IN recognition of poverty eradication in all its forms and dimensions, including extreme poverty, is the greatest global challenge and an indispensable requirement for sustainable development.
Various societies have been struggling to fight against poverty so that they may achieve high living standards.
It is indeed a concern that the number of people living in extreme poverty and hunger surpasses one billion and inequalities between and within countries remain a significant challenge.
To address this situation, financial solutions have been sought as among the best strategies for empowerment and lifting people out of poverty.
Banks and other financial institutions have proved to be instrumental in fighting and supporting the war on poverty through the provision of loans and other forms of capital to facilitate economic activities.
Although the penetration of financial services in most developing countries has remained low, its impact on such countries has been tremendous.
In Tanzania, for example, the penetration of banking services has remained as low as below 20 per cent. However, mobile technology has gradually introduced the excluded population to formal financial services.
This has boosted financial inclusion, which is essential for inclusive growth and it is a prerequisite for sustainable economic growth and development to over 70 per cent.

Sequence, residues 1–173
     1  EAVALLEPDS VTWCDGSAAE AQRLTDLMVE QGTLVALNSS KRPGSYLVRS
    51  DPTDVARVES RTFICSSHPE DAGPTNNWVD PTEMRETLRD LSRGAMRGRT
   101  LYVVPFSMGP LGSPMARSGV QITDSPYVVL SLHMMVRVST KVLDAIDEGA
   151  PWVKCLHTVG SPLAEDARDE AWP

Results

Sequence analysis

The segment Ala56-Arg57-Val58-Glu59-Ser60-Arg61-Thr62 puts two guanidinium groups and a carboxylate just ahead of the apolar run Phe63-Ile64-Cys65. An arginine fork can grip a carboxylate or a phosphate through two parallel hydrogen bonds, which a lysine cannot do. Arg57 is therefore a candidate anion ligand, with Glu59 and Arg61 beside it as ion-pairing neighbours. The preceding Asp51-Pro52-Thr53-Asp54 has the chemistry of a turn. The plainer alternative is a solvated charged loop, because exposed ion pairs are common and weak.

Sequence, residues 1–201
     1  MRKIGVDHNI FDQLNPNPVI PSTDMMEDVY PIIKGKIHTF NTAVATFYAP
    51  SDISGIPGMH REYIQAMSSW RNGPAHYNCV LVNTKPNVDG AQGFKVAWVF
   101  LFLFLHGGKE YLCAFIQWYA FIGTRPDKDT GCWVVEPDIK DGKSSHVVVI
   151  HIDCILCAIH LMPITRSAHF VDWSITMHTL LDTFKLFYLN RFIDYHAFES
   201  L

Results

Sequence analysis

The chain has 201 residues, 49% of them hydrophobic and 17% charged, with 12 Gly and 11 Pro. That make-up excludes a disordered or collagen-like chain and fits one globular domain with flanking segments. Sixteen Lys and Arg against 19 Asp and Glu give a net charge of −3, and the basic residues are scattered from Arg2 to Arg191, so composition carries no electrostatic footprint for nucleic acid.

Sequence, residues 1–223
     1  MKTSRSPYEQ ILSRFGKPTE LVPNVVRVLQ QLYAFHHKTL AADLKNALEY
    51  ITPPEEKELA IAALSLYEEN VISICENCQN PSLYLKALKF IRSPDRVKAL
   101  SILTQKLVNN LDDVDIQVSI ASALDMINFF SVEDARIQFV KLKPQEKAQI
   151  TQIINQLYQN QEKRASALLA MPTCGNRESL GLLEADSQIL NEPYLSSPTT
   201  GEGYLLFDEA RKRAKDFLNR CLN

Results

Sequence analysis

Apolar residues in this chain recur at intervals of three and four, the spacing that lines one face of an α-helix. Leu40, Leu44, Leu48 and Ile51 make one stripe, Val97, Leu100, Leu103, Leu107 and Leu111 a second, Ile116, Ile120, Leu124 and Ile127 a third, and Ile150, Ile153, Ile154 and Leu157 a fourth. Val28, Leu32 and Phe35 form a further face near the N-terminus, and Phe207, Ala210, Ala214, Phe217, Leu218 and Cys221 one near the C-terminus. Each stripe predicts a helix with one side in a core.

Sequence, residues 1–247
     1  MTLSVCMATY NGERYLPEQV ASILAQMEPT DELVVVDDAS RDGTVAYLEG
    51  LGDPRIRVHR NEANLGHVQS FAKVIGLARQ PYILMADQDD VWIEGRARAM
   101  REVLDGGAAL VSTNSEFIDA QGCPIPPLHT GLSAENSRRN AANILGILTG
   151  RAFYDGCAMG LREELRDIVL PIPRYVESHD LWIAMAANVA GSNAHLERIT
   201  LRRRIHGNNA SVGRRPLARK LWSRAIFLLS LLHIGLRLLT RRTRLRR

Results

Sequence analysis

Prudent measures taken by the central bank in regulating the financial sector have helped to harness the power of technology, which is one of the most effective ways of integrating the unbanked population in the financial mainstream.
It is acknowledged and argued that increasing access to the financial system may be as important in reducing poverty as in increasing its depth.
All these efforts aimed at promoting the penetration of financial services got new impetus few years ago after the United Nations adopted and designated December 4 each year as International Day of Banks.
This commemoration aims at recognising the significant potential of multilateral development banks and other international development banks in financing sustainable development and the improvement of the standard of living.
According to the UN, collaboration between national development banks and multilateral banks, through co-financing or on-lending arrangements, can enhance goal-related finance through the complementarity of international resources and local market knowledge.
It adds that the global economy is facing heightened risks and financial volatility, with global growth likely to have peaked. Geopolitical factors, trade disputes, financial market volatility and non-economic factors, such as climate change risk further impeding growth, stability and development and worsening poverty, inequality and vulnerabilities.
It is becoming increasingly urgent to address the systemic economic and financial risks and architectural gaps that threaten the implementation of the 2030 Agenda.
Therefore, building resilient financial sector can be a powerful tool in uplifting the people from poverty in the country.